Current issue: 54(2)
Harvesting residues collected from the final cuttings of boreal forests are an important source of solid biofuel for energy production in Finland and Sweden. In the Finnish supply chain, the measurement of residues is performed by scales integrated in forwarders. The mass of residues is converted to volume by conversion factors. In this study, weather based models for defining the moisture content of residues were developed and validated. Models were also compared with the currently used fixed tables of conversion factors. The change of the moisture content of residues is complex, and an exact estimation was challenging. However, the model predicting moisture change for three hour periods was found to be the most accurate. The main improvement compared to fixed tables was the lack of a systematic error. It can be assumed that weather based models will give more reliable estimates for the moisture in varying climate conditions and the further development of models should be focused on obtaining more appropriate data from varying drying conditions in different geographical and microclimatological locations.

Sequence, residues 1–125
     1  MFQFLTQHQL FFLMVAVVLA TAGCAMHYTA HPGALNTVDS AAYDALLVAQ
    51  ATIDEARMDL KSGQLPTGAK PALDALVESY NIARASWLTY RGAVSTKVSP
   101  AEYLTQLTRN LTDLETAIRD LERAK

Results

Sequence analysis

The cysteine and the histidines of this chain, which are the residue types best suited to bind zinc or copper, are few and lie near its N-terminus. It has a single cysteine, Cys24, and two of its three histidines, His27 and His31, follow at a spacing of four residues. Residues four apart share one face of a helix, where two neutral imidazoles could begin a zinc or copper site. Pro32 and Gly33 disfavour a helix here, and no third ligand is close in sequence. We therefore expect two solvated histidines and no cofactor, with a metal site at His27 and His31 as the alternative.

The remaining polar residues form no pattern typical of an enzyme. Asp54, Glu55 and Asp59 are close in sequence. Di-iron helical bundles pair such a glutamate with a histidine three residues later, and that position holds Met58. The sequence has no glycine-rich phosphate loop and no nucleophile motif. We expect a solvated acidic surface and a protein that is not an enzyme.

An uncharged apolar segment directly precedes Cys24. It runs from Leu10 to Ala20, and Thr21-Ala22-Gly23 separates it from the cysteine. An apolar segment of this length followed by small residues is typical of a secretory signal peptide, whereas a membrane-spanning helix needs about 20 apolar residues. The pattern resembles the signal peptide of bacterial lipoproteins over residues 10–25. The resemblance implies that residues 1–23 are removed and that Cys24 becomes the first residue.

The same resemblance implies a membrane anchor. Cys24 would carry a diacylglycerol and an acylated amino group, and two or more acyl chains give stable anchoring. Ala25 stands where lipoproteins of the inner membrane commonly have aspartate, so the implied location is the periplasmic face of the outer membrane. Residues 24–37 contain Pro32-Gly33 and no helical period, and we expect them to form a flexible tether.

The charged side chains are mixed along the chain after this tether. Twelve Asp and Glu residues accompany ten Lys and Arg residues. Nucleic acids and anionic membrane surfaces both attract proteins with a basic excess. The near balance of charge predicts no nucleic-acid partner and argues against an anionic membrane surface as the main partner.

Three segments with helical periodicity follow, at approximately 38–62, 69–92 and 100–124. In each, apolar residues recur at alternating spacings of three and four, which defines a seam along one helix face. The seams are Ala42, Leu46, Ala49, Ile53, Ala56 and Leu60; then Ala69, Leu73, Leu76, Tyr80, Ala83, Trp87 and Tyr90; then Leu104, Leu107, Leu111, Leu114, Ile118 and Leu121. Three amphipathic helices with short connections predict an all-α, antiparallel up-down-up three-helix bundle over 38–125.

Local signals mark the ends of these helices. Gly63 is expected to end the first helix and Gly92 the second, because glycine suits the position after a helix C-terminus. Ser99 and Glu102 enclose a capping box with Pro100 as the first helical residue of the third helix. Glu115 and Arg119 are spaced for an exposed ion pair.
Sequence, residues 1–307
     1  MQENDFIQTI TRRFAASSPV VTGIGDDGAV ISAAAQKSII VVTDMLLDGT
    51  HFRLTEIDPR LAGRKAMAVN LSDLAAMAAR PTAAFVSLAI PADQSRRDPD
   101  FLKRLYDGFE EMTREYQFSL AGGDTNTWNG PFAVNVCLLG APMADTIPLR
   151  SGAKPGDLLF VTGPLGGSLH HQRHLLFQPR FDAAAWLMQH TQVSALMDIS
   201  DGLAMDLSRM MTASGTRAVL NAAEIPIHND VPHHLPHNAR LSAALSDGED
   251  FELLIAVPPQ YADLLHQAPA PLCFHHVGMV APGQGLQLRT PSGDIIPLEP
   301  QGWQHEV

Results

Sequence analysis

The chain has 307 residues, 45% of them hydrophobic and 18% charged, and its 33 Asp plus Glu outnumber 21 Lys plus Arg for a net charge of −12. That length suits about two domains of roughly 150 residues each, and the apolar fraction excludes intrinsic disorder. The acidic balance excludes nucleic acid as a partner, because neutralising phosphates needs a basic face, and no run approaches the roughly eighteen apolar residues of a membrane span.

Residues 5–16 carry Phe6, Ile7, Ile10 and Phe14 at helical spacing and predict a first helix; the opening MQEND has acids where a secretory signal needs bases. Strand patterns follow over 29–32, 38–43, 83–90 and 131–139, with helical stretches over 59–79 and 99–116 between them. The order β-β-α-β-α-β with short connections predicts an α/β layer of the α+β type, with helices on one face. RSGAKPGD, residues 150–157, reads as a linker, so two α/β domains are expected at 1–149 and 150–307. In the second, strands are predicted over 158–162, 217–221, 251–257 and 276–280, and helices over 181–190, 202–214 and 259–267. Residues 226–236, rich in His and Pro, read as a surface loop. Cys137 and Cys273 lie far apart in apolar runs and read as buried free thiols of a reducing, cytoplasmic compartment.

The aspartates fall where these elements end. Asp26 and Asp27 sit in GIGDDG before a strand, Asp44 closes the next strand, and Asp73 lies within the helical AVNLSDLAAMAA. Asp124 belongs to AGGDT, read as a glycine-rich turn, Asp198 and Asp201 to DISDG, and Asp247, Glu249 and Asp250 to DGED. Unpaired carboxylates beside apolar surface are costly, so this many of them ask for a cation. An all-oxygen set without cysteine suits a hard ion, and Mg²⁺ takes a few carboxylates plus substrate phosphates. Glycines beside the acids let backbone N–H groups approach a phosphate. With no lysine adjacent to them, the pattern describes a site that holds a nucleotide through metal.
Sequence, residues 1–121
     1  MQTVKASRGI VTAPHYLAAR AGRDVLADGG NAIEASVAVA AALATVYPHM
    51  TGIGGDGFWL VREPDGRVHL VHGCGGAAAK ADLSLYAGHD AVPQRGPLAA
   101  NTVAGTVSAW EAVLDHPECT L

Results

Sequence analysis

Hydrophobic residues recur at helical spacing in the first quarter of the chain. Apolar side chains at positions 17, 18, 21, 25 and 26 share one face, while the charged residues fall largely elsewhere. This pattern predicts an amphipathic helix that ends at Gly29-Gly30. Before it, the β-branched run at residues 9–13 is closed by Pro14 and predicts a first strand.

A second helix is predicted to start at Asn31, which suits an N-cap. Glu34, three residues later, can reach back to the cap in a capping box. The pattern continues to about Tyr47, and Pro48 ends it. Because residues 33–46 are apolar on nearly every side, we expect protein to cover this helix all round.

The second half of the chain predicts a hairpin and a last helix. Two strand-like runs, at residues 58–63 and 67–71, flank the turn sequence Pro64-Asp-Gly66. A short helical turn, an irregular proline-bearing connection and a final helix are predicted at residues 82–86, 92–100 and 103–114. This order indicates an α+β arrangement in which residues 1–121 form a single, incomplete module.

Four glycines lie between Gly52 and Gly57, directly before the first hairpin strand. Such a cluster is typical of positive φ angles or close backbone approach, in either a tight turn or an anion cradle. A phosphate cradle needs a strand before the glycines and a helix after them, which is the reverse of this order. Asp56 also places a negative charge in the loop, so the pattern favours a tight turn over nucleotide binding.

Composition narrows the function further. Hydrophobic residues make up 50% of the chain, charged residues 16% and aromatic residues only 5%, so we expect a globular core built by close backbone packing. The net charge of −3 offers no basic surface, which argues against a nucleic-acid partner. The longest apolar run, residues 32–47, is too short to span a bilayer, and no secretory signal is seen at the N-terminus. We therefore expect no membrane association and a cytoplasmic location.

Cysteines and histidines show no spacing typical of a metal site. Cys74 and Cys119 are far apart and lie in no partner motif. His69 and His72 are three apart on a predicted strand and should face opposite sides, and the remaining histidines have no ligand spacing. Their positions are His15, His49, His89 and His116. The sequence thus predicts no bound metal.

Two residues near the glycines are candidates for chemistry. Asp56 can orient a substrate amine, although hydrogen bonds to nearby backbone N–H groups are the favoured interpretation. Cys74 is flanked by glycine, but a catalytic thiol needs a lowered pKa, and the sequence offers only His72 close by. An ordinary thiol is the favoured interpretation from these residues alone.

The aim of the study was to explain the regression between the cubic content of the trunk of a tree and of logs cut from the trunk. The minimum size of trunk that can be used to saw logs has been 18 feet long and 5″ of top diameter in Finland (in 1930s). The average length of logs is 16‒18 feet. The data of this study was collected in seven areas around Finland. The results show that there is regression between the volume of the trunk, the volume and the logs cut from the trunk and the number of logs. Consequently, it is possible to determine the average regression between the trunk and log sizes for forest technical purposes. The regression varies in different parts of the country due to varying growth condition of the trees and different age classes. It is probable that the figures have to be re-examined in the future.
The PDF includes a summary in English.